Because in adventure games, that’s generally true.

Don’t assume that because you’re a huge Ultima 7 fanboy, and this is an adventure game forum rather than an RPG forum, the rest of us haven’t played any other genre besides adventure games. In fact, these two genres usually cater to similar personalities.

Which should be a good hint that what you’re discussing is not an adventure game, since puzzles are one of the key points of the genre.

Which we have pointed out numerous times, is an RPG and not an adventure game. Different genre, different rules. A game like Ultima 7 doesn’t need to focus on interesting puzzles, because it has other game mechanics that make it engaging. People play it for different reasons.

They’re not. It only seems that way because the funny Lucasarts adventures and games inspired by them are the most often/fondly talked about.

Examples of non-comedy aventures:

  • Nearly the entire text adventure genre, with a few notable exceptions.
  • The Gabriel Knight series
  • The Broken Sword series
  • The Phantasmagoria series
  • The 7th Guest/The 11Th Hour
  • The Indiana Jones series
  • The King’s Quest series
  • Myst/Riven
  • Syberia series
  • Dreamfall series
  • Broken Age

Since it’s a false premise, it really doesn’t.

See non-exhaustive list above for counter-examples.

I just encountered one of my least favorite adventure game interface style, and it is the one of Star Trek 25th Anniversary. It relies heavily on keyboard, has massive amount of controls, and (in the more adventure game part) has an off-screen interface (a sort of coin interface) that is accessible by action first, object second, rather than the easier object first, action second. I might continue to play the game, but the interface is hindering my willingness to complete the game.

@jrial has already answered your post. I’ll have to add only a few remarks:

Exactly. Best example is TWP: There are some side quests, like the navigators head. A lot of people complained about these. Of course you can introduce “side quests” in an adventure game, but it must be clear that they are not necessary to follow the main story. And even then: A “side quest” in an adventure game means that you have to implement a whole puzzle chain without a “reward”. This could be frustrating and the amount of side quests could be annoying. If you would like to “test” this: The Book Of Unwritten Tales 2 had these side quests. If you solve one of these side quests, you get a hat or glasses for your character. This is nice, but not a (big) motivation so solve these additional side quest. Beside that, you don’t know if the objects in your inventory are belonging to the main story or a side quest. Because you can’t distinguish between these two without spoiler the solution to a puzzle.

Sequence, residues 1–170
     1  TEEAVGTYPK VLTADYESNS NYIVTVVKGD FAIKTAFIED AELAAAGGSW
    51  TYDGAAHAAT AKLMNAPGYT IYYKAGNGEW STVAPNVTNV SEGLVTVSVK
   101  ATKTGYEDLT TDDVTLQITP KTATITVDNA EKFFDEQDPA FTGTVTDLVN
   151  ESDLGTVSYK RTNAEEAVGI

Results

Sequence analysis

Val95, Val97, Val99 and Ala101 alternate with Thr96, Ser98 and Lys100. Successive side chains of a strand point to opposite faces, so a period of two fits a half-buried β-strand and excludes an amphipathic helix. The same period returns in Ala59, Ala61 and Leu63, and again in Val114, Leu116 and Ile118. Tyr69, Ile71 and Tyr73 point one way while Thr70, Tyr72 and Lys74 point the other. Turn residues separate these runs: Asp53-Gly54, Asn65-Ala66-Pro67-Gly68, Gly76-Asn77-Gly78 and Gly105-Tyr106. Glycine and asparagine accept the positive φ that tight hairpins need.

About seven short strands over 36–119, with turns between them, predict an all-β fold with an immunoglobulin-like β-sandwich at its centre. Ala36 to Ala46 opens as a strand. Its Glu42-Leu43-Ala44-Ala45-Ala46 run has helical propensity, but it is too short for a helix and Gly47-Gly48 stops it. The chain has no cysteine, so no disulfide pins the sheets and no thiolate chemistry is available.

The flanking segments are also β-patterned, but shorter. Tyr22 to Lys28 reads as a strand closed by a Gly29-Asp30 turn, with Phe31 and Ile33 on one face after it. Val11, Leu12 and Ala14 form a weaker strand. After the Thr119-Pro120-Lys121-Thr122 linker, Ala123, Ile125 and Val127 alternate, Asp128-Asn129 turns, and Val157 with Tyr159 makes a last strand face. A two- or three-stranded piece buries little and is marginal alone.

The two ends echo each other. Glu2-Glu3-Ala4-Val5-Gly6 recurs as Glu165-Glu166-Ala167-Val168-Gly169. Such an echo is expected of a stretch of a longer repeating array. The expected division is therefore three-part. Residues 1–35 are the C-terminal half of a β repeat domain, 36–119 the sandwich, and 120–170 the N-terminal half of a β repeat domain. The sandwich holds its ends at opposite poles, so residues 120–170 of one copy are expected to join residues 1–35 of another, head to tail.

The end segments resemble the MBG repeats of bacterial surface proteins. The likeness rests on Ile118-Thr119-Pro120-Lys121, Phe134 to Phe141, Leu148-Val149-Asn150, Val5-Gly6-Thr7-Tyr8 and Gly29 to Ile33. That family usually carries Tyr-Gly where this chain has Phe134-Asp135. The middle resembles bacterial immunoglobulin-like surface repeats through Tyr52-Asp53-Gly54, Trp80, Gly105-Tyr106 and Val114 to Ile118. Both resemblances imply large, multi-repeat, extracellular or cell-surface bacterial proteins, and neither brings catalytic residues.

Ulitma 7 is a RPG. All things in this game are there for a reason - even the side quests. For example you can make the members your party more stronger or they gain experience points or whatever. If you bake bread, you can eat it or sell it or whatever. So the side quests are helping you to solve the main quests. You can’t compare this to an adventure game. For example in an adventure game the hero don’t have to sleep or to eat to keep his “health”.

Because they sell much better.

I don’t know if there was a topic about that, but what do you guys think about how TWP modified the verb interface? In LA games one could use / abuse the verbs and inventory to perform a bunch of weird actions or at least get some funny responses. For example pick up Kathy (glass boat owner) in MI2. In TWP all unnecessary actions are unavailable. It makes playing more straightforward, less time consuming and modern. But at the same time, despite having verbs, it has a very different feel than LA games. I’m torn about it. It could have been a more modern interface and it wouldn’t make much difference to me, it’s not really oldschool, it just looks like one. However I’m sure the game experience is a lot less frustrating overall, especially for people new to the genre.